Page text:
The IRB Initiative
An online resource for educators and researchers in policy and management
Jan Blustein, Founding Principal Investigator
Our history: The IRB Initiative began as a series of discussions among NYU/Wagner faculty. We were faced with the need to seek IRB review for some of our work, and wanted to better understand our obligations.
This section includes several recent pieces on the apparent mismatch between social science research and the federal regulations/IRB system. It also includes some resources on what does and doesn't fall under IRB purview, and clarification about what it means for research to be "exempt" from the regulations. A separate subsection is devoted to the need for IRB review of classroom projects.
Here are resources on teaching about ethics and teaching about the IRB system.
Professional Ethics: Beyond the IRB
Much of our professional work does not fall under IRB purview. Yet that work should be conducted in an ethical fashion. This section houses a rich set of Codes of Ethical Conduct from professional organizations. Also included are some resources related to professional issues that are not emphasized in the federal regulations, such as conflict of interest.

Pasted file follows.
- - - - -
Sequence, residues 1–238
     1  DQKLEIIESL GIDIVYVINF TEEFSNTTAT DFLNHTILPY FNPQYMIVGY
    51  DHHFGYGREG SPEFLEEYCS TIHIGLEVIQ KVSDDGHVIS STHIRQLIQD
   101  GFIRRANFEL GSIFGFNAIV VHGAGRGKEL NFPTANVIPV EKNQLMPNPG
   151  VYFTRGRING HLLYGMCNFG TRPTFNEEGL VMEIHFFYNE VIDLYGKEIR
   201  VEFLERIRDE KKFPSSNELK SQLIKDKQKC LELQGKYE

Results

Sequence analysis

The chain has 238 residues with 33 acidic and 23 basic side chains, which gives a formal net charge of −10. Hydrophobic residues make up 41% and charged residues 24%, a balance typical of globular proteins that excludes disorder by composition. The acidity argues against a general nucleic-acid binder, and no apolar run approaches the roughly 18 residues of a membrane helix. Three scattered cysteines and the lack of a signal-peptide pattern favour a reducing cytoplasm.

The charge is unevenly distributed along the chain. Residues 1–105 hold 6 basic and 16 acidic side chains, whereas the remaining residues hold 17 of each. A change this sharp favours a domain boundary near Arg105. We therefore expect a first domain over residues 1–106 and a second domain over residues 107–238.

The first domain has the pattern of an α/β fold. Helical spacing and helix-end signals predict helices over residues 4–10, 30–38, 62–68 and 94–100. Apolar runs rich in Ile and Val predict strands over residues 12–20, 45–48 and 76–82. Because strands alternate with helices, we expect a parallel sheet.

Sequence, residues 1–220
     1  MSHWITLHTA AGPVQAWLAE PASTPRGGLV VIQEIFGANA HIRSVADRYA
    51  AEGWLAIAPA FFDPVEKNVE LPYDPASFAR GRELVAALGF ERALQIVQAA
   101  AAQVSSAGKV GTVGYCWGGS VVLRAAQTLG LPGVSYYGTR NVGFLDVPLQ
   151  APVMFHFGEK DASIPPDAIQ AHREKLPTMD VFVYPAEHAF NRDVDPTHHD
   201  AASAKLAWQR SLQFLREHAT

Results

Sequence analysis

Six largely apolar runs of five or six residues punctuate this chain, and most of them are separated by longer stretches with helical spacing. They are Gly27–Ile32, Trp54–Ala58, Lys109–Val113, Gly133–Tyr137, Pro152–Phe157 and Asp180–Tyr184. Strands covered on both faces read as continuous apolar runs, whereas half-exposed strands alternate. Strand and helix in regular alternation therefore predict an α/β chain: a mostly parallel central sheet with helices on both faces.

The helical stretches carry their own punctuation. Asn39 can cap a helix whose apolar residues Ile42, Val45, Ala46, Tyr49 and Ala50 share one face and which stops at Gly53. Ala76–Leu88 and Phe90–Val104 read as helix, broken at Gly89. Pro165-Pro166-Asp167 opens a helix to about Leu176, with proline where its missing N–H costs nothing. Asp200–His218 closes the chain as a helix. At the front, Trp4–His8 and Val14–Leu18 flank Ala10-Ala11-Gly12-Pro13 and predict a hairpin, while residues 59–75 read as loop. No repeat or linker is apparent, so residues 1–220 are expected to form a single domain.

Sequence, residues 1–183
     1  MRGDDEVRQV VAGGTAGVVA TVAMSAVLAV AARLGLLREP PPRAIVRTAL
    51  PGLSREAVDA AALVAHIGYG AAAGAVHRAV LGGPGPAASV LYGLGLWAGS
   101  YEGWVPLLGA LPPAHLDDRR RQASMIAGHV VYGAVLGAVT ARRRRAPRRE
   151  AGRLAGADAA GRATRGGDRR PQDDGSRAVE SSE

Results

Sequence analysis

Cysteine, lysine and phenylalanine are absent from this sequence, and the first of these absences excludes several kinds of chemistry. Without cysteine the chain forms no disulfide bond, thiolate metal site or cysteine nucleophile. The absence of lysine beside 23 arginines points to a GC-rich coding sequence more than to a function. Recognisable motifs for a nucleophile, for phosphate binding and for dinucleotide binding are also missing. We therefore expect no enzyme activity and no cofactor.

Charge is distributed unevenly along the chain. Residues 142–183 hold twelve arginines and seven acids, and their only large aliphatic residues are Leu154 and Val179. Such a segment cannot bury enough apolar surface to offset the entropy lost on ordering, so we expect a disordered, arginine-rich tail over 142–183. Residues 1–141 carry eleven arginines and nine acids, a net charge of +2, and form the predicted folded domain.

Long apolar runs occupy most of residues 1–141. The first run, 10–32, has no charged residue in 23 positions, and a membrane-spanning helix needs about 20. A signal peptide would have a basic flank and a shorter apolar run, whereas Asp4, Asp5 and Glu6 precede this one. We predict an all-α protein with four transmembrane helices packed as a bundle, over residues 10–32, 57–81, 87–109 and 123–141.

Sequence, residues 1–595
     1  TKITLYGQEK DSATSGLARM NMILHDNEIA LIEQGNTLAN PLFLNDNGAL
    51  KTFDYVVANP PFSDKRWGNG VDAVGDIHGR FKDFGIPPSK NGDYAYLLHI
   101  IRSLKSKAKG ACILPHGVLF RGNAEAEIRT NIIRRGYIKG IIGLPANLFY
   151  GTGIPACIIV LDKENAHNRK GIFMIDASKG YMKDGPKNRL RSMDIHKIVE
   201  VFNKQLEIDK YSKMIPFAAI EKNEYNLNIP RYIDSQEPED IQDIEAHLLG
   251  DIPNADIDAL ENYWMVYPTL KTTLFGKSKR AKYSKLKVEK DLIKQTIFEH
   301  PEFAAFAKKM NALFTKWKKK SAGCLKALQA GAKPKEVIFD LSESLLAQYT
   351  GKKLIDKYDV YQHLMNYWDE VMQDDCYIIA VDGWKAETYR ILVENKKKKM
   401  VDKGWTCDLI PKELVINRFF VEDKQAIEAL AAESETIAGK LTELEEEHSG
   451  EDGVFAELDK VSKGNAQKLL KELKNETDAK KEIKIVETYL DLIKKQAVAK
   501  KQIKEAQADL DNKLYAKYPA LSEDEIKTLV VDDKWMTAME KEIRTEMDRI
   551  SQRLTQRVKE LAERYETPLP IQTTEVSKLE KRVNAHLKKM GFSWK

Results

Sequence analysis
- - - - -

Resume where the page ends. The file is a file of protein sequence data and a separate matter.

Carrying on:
What is not on this site
The contents of this website are posted in the spirit of scholarly inquiry. Opinions are those of the authors only, and do not reflect those of the Wagner School or the NYU University Committee on Activities Involving Human Subjects (UCHAIS, NYU's IRB). Readers seeking definitive information about IRB matters should consult with the appropriate authorities at their institution. Those wishing to contribute additional resources or links, and those able to correct mis-information on this site, are invited to contact us at firstname.lastname@example.org.
Why We Are Online
As problems and questions regarding IRB human subjects review have surfaced in schools of policy and management, we have begun to receive requests for information about our experience and knowledge. In order to meet those requests efficiently, and in order to foster dialogue on these important issues, we have created this website.
As visitors to this site will learn, social scientists and educators around the nation are confused, vexed and often stymied by the conflicting messages that they receive about their obligations under the federal regulations. Regulators, ethicists and social scientists are engaged in a dialogue about what the regulations require, and whether and how they can make sense. This website is intended to introduce our colleagues to that dialogue.
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